New VP for Equity and Inclusion Yvette Alex-Assensoh

3/4/2012: Best of luck to Ms Alex-Assensoh, who was hired by CAS Dean Scott Coltrane and VP Robin Holmes after an open, reasonably transparent national search, and who has excellent credentials (PhD, law degree, research) and relevant experience at IU. I didn’t go to the interviews but on paper I though she looked like the best candidate. Let’s call her the VP for Equity for short. From the new VPEI website:

Yvette Marie Alex-Assensoh, a political scientist and attorney who has served on the Indiana University faculty for the past 18 years and as dean for women’s affairs since 2008, has been named vice president for equity and inclusion at the University of Oregon. She will begin work at the UO in August.

The diversity position was originally created because former UO administrator Joe Wade sued Provost John Moseley for employment discrimination, and then insisted in the settlement that UO make some policy changes to encourage open searches, and transparent hiring processes. Good for Mr. Wade! Unfortunately UO is still a long way from doing the right thing when it comes to administrative hiring.

The office got off to a troubled start, then suffered through 5 years of mismanagement by Charles Martinez, who ironically was appointed by Frohnmayer and Moseley without any search at all, and then allowed to double-dip at an off campus job. Two years ago most of the relevant faculty and staff broke out in rebellion against Martinez, so Bean and Tomlin created a tenured position for Martinez in the Ed School, then President Lariviere dumped him as VP and sent him back to teaching.

Robin Holmes has already made some much needed changes in the office as interim head. Here’s hoping this office is now off on a good track and that the new VP will undertake a thorough review of  some of its more questionable programs, such as the UMRP, and move resources to fill-the-pipeline efforts that work and are legal, such as the OYSP. The fact that Ms Alex-Assensoh has a law degree seems like a good sign. Maybe she will even abandon the 5 year “diversity action plans” window-dressing effort.

Her application materials are here. This clip from her application letter looks very encouraging. “legally proper”, “best students”, and “just as likely to complete the program and find good jobs”:

Nice contrast to the inane “diversity *is* excellence” mantra that Martinez and Linda Brady used to spout.

3 VP for Diversity candidates

1/13/2012: Diversity VP Charles Martinez was one of those no-search interim appointments gone permanent and bad. He had a remarkable ability to screw up UO’s diversity efforts, despite spending most of his time off campus double dipping at his second job at OSLC. Jim Bean and Russ Tomlin protected him for years, but last spring pretty much everyone who’d ever had to deal with Martinez, including his staff and the ethnic studies department, broke into open revolt. I think 60 people signed the letter. Lariviere finally announced he would do what UO Matters had been calling for for years – have an affirmative action compliant open public search for UO’s VP for Diversity. What a radical idea – this is why Martinez called me a “racist nut”. Bean and Tomlin bought Martinez off with a $153,502 no-search tenured job in the College of Education – they hid this from the FPC – and a sabbatical.

Given that the search for his replacement was chaired by Scott Coltrane and Robin Holmes, it’s not surprising to see that 2 of the 3 finalists are academic administrators with pretty standard diversity track careers. I’ll keep an open mind, but I don’t see a lot of intellectual diversity on issues or policies coming out of this process. The last candidate does look like an interesting scholar though.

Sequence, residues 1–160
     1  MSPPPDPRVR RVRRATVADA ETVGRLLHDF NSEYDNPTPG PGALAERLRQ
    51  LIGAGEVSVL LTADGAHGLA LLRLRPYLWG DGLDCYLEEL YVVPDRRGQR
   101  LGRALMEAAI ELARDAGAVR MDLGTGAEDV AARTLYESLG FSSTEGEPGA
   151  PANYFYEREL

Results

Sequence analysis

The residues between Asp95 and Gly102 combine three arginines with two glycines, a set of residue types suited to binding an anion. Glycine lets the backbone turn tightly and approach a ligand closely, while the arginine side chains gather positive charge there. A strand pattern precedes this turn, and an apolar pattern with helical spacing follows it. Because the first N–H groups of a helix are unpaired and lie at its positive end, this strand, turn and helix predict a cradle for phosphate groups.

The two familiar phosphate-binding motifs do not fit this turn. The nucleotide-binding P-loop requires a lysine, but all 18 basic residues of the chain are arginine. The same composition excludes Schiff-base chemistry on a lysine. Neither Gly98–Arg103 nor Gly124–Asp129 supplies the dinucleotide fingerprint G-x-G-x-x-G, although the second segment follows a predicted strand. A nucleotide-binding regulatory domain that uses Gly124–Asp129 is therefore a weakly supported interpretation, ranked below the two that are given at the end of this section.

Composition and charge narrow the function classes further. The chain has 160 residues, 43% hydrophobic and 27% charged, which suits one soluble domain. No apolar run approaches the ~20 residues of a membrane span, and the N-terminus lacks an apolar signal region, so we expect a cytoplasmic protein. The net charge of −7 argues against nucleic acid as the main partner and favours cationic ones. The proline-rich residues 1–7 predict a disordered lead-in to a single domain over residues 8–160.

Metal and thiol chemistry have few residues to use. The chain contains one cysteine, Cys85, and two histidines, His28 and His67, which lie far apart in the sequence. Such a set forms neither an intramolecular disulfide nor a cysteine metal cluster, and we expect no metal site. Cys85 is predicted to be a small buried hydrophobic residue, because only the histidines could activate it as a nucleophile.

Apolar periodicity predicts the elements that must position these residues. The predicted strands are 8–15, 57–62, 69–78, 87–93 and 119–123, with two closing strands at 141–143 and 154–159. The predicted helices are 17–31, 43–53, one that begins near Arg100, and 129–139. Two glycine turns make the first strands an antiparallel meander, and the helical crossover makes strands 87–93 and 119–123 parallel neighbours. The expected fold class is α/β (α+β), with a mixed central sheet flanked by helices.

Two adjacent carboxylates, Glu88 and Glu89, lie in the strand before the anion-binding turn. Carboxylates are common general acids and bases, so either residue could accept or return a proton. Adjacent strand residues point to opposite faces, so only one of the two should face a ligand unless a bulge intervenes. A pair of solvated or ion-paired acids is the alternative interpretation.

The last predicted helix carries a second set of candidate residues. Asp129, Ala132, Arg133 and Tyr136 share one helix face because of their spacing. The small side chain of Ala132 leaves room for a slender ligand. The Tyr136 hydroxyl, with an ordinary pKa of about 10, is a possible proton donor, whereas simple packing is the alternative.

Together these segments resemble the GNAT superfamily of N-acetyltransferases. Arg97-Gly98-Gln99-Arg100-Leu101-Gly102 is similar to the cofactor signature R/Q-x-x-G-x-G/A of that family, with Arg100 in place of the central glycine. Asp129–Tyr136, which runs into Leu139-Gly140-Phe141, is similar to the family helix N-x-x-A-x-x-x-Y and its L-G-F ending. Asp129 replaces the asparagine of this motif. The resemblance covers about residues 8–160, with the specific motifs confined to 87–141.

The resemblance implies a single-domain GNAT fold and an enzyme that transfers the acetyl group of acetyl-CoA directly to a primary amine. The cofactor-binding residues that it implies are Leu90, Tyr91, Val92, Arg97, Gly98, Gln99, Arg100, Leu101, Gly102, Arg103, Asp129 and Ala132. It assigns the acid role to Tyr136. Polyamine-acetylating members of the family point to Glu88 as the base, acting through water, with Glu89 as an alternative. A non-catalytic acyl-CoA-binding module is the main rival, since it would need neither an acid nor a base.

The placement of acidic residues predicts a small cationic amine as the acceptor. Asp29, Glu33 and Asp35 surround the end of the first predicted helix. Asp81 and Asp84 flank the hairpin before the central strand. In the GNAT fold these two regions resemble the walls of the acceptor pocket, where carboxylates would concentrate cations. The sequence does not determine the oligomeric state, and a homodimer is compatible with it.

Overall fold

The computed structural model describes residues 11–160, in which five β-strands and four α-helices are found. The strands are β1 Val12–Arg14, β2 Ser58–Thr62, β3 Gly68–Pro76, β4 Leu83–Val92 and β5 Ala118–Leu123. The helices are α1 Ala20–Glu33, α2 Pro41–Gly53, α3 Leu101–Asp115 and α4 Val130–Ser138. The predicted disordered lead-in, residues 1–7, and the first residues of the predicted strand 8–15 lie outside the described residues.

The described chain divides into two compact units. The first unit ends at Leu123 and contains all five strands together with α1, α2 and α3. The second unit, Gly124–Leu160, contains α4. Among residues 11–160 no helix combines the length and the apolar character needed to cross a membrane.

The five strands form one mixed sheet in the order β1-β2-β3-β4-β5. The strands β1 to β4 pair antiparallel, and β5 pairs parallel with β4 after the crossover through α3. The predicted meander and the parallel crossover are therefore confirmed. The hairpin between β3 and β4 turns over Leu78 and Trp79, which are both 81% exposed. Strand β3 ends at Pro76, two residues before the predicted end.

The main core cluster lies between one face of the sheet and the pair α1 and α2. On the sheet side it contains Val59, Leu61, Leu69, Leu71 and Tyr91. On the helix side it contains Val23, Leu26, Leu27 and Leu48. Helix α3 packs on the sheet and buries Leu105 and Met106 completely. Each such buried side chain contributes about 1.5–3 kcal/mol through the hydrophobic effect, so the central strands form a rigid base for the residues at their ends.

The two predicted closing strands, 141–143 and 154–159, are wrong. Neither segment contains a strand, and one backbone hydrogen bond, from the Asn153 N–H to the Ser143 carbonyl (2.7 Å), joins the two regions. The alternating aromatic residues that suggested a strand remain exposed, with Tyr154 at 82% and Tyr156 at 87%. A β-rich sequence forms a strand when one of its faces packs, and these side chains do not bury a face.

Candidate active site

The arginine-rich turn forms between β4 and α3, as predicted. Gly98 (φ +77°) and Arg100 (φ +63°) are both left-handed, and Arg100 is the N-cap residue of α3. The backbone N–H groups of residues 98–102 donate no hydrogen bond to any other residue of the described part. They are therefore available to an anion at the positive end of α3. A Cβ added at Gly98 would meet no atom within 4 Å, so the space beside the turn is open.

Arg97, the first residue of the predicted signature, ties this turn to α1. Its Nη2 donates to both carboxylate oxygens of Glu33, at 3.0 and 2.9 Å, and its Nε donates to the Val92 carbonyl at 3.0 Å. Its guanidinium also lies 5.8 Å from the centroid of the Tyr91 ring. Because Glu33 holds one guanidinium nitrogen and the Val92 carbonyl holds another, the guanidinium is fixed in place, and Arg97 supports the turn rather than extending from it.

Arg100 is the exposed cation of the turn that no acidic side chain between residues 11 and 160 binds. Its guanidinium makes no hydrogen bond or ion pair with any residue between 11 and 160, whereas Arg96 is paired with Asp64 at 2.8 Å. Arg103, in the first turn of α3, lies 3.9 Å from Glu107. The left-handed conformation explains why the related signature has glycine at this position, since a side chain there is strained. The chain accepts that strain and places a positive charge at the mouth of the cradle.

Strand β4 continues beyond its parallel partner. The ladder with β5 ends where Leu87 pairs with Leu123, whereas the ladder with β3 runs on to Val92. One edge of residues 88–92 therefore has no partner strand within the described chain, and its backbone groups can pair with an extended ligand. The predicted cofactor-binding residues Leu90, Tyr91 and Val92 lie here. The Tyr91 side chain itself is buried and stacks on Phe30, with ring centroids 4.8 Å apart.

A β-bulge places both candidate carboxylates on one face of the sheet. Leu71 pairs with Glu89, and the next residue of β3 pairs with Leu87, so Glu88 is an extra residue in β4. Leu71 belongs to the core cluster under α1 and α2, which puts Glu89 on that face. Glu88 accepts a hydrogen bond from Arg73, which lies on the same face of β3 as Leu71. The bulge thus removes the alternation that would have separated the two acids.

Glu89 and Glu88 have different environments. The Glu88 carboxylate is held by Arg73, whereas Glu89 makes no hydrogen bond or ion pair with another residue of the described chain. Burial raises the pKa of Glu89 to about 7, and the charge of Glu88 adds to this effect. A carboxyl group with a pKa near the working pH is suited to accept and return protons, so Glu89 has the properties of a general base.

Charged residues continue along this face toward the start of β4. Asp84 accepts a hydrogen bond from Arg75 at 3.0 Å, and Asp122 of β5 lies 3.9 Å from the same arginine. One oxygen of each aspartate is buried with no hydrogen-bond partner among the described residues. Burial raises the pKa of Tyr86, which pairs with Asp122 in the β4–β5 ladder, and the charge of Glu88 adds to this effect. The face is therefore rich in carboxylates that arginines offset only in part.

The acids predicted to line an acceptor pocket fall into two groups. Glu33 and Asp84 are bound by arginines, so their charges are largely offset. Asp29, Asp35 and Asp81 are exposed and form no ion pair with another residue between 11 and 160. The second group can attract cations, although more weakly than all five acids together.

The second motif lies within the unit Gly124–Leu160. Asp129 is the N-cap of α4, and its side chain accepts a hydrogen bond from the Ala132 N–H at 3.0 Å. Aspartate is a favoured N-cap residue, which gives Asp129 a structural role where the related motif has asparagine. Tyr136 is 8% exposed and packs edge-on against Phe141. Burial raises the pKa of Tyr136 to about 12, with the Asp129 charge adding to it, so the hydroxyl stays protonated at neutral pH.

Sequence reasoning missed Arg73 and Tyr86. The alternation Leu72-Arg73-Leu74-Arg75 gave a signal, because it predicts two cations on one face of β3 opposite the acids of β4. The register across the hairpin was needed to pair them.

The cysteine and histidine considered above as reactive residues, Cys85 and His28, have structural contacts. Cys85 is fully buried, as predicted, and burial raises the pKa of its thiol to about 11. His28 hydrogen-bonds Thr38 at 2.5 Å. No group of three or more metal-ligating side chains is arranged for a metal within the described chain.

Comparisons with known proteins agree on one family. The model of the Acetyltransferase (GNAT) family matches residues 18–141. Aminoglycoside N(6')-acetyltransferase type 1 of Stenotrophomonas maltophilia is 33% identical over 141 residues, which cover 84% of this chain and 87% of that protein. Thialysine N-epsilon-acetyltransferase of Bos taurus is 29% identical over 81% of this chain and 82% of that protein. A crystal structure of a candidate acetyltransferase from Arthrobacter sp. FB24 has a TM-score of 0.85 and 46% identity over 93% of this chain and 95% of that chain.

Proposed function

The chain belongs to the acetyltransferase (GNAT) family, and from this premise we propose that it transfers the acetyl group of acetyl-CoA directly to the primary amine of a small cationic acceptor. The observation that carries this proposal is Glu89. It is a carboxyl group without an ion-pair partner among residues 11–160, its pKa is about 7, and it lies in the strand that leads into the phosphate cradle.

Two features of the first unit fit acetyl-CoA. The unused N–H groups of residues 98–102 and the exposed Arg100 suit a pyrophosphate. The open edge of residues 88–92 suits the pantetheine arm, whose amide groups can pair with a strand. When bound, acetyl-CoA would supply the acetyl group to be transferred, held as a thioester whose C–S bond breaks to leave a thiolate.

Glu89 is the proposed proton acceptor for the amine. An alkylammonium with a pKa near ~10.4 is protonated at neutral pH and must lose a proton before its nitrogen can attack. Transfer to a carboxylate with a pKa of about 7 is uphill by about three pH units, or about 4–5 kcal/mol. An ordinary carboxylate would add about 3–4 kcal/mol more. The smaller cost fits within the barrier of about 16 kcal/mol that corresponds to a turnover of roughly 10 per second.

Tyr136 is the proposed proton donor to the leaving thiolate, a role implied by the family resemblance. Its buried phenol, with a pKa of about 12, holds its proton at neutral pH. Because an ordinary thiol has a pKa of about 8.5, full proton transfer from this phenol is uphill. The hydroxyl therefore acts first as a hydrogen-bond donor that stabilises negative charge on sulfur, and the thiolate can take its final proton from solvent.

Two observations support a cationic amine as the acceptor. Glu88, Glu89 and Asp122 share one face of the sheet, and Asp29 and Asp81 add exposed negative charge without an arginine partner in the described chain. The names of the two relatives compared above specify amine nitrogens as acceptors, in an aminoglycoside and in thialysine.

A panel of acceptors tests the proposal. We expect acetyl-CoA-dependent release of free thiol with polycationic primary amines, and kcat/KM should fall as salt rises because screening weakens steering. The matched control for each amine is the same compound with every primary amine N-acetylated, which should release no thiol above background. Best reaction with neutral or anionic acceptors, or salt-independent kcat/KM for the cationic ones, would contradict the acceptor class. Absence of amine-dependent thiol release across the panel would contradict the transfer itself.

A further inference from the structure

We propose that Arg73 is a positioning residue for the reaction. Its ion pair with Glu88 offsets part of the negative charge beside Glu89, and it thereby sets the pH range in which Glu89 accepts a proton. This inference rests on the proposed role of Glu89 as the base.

The end game here is pretty simple: We hire one of these three, or Coltrane declares the search failed and then Berdahl adds Diversity to VP for Student Affairs Robin Holmes’s portfolio. Just like happened with our new CFO Jamie Moffitt. Then Holmes’ runs with it for a year and goes on the road for a third tier university president job. Sounds good to me.

Anyway, here are the candidates she and Coltrane picked:

Roger Worthington, Missouri:

PhD in Counseling Psych, 5 years as diversity administrator with $1.2 million budget. Web page here.

January 19, 2012
Public presentation
Jordan Schnitzer Museum of Art, Papé Reception Room
Candidate presentation: 4:00‐5:00 p.m.*
Question and answer: 5:00‐5:45 p.m.* 

Worthington Cover Letter
Worthington CV

According to this story, Worthington resigned (coincidentally, he says) from his diversity administrator job just after the UM faculty rejected his plan to require all students to take a diversity course:

Roger Worthington is stepping down as chief diversity officer and assistant deputy chancellor of diversity at the University of Missouri.

The announcement comes on the heels of a faculty vote that defeated a proposal to require all students to take a diversity course. Worthington said the timing is coincidental and that he made his decision before that vote. MU won’t hire a replacement, at least for the foreseeable future, spokeswoman Mary Jo Banken said.

If I resigned on principle, I’d brag about that. I’ll never understand administrators.

 Sheila O’Rourke, Berkeley. JD.

Assistant Provost for some sort of faculty diversity initiative.  O’Rourke Cover Letter, O’Rourke CV

January 23, 2012
Public presentation
Jordan Schnitzer Museum of Art, Papé Reception Room
Candidate presentation: 4:00‐5:00 p.m.*
Question and answer: 5:00‐5:45 p.m.*

Video here of a pretty low level gender pipeline talk at OSU. As might be expected for a Berkeley admin she’s been involved in lots of controversies, do a google search.

 Yvette Alex-Assensoh, Indiana:

Phd in Poli Sci, JD. Poli Sci Professor, Dean in Office of Women’s Affairs. Long and interesting publications list. Alex-Assensoh Cover Letter. Alex-Assensoh CV

January 26, 2012
Public presentation